Welcome to The Auditorium Theatre
The Auditorium Theatre is abuzz with excitement. People are running around buying books, buying drinks, talking about recent political issues that they hope President Clinton will discuss, and there are even a couple of little kids running around with VIP lanyards who are excited-even if they don’t know the full gravity of the situation.
Upon entering the space you can’t help but take note of famous composers listed on either side of the stage. Verdi, Mozart, Beethovan, Gonaud, and so forth are immortalized in gold pulling focus from the two empty chairs under a spotlight. As people fill in ushers and supervisors run around making sure everything is ready to go. Finally the moment that brought everyone out tonight is about to happen. Two Secret Service Agents walk out and take a position at either side of the stage as the stage lights shift so the curtains turn red and blue as Bob Barnett and President Clinton come out all smiles and waves. The crowd jumps to their feet-aside from one man who stays in his seat and shakes his head.
Barnett promises us that this will not be a news interview, a gotcha interview, or a political interview. Instead it will be entertaining. “Having an event in Chicago that’s not political is an oxymoron,” Clinton interjected as the audience laughed and applauded.
The President is Missing
The interview is essentially broken into three parts. The book Clinton wrote with James Patterson (and easily segues between current events and things that still weigh on Clinton from his terms), a more direct discussion on current events, and a speed round of rapid fire questions.
The book, The President is Missing, started out as a Barnett’s idea. Clinton wasn’t so sure that Patterson would even want to work with him as “It’d be like taking on an apprentice or something.”
They worked back and forth on an outline but ultimately Patterson came up with the idea to have the President go missing. He asked Clinton if it could be to which he said, “Yeah. It’s harder than you think and no president has ever done it for any length of time." Clinton went on to tell the story of how he and a Canadian Prime Minister climbed a wall at a GA Meeting to get four minutes of freedom.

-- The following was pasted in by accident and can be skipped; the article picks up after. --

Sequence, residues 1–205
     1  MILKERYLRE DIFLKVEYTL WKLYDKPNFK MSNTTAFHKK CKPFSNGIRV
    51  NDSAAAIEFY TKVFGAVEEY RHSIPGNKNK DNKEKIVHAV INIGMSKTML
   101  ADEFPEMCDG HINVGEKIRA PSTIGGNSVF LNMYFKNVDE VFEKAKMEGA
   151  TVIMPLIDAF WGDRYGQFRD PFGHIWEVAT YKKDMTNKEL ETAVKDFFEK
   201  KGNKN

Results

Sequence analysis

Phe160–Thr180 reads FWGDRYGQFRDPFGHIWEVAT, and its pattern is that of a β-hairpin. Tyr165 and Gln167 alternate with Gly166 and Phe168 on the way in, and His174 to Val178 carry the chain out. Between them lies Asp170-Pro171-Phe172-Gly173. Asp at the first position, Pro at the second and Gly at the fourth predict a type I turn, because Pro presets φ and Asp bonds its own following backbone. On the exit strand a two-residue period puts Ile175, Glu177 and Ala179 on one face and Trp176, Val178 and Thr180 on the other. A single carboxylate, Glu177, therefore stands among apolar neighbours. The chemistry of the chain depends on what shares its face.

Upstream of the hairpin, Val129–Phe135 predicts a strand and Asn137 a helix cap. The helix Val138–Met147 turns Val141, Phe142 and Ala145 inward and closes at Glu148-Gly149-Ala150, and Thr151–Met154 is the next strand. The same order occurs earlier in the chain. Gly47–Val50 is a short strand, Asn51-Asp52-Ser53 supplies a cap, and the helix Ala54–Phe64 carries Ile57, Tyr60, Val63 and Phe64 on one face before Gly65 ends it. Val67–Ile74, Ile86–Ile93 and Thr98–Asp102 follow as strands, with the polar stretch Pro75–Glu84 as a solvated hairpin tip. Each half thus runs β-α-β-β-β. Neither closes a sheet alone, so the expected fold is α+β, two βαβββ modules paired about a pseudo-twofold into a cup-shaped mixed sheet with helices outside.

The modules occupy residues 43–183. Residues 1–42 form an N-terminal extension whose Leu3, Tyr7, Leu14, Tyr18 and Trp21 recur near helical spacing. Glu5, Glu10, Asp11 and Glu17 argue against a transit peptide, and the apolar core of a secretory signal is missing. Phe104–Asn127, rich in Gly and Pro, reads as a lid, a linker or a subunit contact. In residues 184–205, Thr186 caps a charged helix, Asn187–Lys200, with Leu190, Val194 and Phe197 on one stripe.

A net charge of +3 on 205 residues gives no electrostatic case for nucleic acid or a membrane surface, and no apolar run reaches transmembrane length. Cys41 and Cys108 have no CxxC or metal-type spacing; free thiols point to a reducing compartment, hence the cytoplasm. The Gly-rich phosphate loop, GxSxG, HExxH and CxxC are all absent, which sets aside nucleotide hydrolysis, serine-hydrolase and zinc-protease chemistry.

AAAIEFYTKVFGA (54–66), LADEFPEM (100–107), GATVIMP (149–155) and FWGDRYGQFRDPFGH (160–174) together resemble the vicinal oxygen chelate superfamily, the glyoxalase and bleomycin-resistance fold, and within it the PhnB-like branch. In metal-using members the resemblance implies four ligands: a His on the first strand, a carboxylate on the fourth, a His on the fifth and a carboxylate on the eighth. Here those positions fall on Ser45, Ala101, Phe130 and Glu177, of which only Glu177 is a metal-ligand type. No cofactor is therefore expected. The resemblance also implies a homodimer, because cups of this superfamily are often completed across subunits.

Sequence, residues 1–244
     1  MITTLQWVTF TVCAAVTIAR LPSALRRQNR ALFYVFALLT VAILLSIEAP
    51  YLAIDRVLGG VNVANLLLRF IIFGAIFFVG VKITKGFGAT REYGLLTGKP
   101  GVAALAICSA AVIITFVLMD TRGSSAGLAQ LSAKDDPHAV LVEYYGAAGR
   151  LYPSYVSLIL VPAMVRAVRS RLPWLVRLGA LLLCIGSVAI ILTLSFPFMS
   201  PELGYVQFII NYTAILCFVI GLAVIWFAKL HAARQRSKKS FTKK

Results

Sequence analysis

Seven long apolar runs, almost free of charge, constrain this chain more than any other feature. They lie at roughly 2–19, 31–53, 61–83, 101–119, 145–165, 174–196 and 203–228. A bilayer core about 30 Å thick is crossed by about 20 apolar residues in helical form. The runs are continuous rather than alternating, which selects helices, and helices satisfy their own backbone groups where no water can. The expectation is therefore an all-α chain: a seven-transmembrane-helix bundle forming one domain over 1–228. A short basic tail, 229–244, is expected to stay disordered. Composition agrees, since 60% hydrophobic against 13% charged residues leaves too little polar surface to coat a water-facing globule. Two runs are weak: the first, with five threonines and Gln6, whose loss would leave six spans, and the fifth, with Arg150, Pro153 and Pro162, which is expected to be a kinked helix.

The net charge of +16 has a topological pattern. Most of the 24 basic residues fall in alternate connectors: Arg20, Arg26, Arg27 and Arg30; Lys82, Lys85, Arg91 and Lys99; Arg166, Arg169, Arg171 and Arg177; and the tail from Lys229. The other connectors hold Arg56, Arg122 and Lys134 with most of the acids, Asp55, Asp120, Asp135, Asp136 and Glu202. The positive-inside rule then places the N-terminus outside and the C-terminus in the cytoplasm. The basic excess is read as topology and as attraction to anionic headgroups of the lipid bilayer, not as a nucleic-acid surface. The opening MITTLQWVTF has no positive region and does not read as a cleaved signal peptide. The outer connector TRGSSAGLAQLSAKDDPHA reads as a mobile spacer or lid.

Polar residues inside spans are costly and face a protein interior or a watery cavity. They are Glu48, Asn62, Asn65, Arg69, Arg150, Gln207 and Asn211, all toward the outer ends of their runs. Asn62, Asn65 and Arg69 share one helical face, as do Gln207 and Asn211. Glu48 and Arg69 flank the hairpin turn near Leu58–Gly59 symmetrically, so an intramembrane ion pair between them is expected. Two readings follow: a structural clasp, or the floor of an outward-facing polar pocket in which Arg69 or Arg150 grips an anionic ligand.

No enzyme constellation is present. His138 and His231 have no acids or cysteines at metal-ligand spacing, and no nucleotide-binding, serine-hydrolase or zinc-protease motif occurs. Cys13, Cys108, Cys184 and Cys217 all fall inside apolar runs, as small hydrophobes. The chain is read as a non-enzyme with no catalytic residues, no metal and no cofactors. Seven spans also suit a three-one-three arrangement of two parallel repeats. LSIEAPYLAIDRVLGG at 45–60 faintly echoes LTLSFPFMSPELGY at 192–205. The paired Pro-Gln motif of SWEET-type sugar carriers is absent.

When asked about the book’s assassin, Bach, and a majority of other positions of power, being women, Clinton said, “First of all, I think historically they’ve been underrepresented in important Government jobs. As you know I did my best to remedy that [in] 2016.” Clinton went on, “I did it because I thought it would make the book more interesting and more credible because women are rising rapidly in all fields. In every one of these categories there are qualified women.”
Clinton mentions a critic who felt the Bach wasn’t credible because she was interesting and female. “Bach came out of the horrors of the Balkan Wars. Many brilliant gifted people, who were deprived of a normal childhood, deprived of normal education, deprived of career opportunities, and deeply scarred by what they went through who wound up doing a number of relatively unconventional things. I think that she could really exist.”
Clinton goes on to discuss how they finished the book and went back in because they wanted to make Bach more realistic. Then, James added another twist.
“You will never go wrong overestimating your adversaries. If your adversary is dumb, lazy, crooked, you don’t win anything,” Clinton continued. “But if you overestimate your adversaries you’ll over prepare and you’ll have a slight advantage.”
“My one citizen objective here is this-- I hope when people read this, without regard to party, they will support a significant increase in investment in cyber security,” Clinton said.
The book has been on The New York Times Best Sellers List for two weeks and Showtime is working on a television adaptation.
Beyond the Book
The book discussion kept lending itself to cyber terrorism due to it being a major plot point, and the reason the fictional President goes missing within the novel. This naturally led to what it was like to be President when having to deal with national threats and weighing the greater good. Clinton gave numerous examples from his own presidencies and said that at the end you “Just get up everyday and do the best you can.”
After the applause died down at the mention of Hilary Clinton, he said, “She’s doing great. She’s in Dublin today. She accidentally Facetimed me so I got to talk to her. She’s having a good time in Ireland.” He went on to talk about how Brexit is jeopardizing The Good Friday Agreement that they both worked hard on twenty years ago before giving the rest of her travel itinerary.
This writer noticed that when asked about the immigrant children being placed into camps, Clinton got very serious, shedding his Southern charm and easiness. He then said, “It’s wrong, it’s immoral, it’s not required by the law. Children should not be bargaining chips.”
Clinton encouraged people to turn out and vote in the midterm elections reminding them that “If you don’t vote you can’t complain.”
For more information on this book, visit The President is Missing website
The Auditorium Theatre has been increasing the number of speaking events on its calendar, alongside the roster of music, dance, theater and more. To keep up with the new events the Auditorium Theatre is hosting, bookmark the Auditorium Theatre website.
About the Author
Sharai Bohannon is a playwright, and an avid theatre practitioner, who is very excited to write about most things but especially Chicago Theatre. She has a background in journalism and technical theatre and is excited that those degrees will be put to use in a way that gives her an excuse to leave her couch and brave this “outside” that people keep telling her about. When not on her couch watching TV, she can be found working one of her multiple jobs and/or hunting down a happy hour near you. Read some of Sharai Bohannon’s New Works on New Play Exchange.